“For putting together something new, it doesn’t add anything unless they do something radical,” said Dempster, who is a professor at the school of electrical engineering and telecommunications at the University of New South Wales. “All global systems are in a 20-30,000 feet orbit range (mid-orbit level). If they were to consider doing something together, maybe it could be something at lower orbit with more accurate signal levels.”
It is hard to detect strong enthusiasm in Australia for teaming up with the UK. “We don’t tend to think very far ahead – you may have noticed how many prime ministers we go through here,” Dempster said.
Galileo, commissioned in 2003 and due to come online in 2020, is full of British expertise. UK engineers make the payloads, which are the brains of the system.
But, despite all this knowhow, there is some doubt over the UK ability to go it alone.
“For its own satnav system, Britain would have to launch around 30 satellites and it doesn’t have these mass manufacturing capabilities,” Bowen said. The bulky satellite bodies for Galileo are mostly assembled in Germany.
“We don’t have launch systems either. We have to buy services from Americans, Europeans, Indians, Russians or the Chinese,” Bowen added.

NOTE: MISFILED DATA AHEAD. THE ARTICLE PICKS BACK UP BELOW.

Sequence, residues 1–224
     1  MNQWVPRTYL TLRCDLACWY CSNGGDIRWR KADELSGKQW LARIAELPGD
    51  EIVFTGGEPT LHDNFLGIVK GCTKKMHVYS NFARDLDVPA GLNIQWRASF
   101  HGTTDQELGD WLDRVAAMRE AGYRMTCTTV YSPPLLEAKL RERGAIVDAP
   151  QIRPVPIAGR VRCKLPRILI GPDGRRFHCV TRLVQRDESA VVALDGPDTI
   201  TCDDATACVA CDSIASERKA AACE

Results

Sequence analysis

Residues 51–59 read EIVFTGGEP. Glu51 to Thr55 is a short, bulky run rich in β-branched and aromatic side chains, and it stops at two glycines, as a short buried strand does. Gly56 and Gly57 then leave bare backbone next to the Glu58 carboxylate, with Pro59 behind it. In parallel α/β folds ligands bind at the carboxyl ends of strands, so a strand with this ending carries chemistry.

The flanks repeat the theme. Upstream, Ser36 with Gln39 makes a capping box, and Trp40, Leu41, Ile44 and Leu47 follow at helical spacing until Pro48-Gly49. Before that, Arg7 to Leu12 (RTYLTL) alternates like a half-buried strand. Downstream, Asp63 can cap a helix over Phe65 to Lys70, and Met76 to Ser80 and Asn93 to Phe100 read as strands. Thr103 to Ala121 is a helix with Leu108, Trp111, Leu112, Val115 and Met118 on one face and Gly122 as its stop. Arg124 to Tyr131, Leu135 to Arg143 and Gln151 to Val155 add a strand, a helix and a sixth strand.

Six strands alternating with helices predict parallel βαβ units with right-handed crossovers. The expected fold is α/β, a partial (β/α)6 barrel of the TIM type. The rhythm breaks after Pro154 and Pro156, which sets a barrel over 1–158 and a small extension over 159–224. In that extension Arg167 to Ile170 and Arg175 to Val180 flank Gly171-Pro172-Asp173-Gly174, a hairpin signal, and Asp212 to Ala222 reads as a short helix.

Starting your own global system “is not something you decide to give a shot to see how it goes. It’s a perpetual commitment,” said Humphreys. “In the US, it costs up to a billion dollars just to maintain our system every year.”
The UK government has declined to put a figure on an alternative system, but its estimated cost is £3 billion to £5 billion.
Spending overruns on large space infrastructure are almost unavoidable. The original budget for Galileo, covering satellites, launches, and building ground stations, was €3 billion. It will now cost more than three times that. A further €9.7 billion, covering Galileo and a smaller system called Egnos, is promised from 2021 to 2027.
While pricey, Galileo, which promises eventual real-time positioning down to a metre or less, is well regarded. When completed, it will help guide aircraft, ships and emergency services.
“The satellites themselves were very well designed in the end. I track them and they’re superior to GPS,” Humphreys said. The US is in talks with the EU on getting access to Galileo's high precision signal for security use as a back-up for its own system.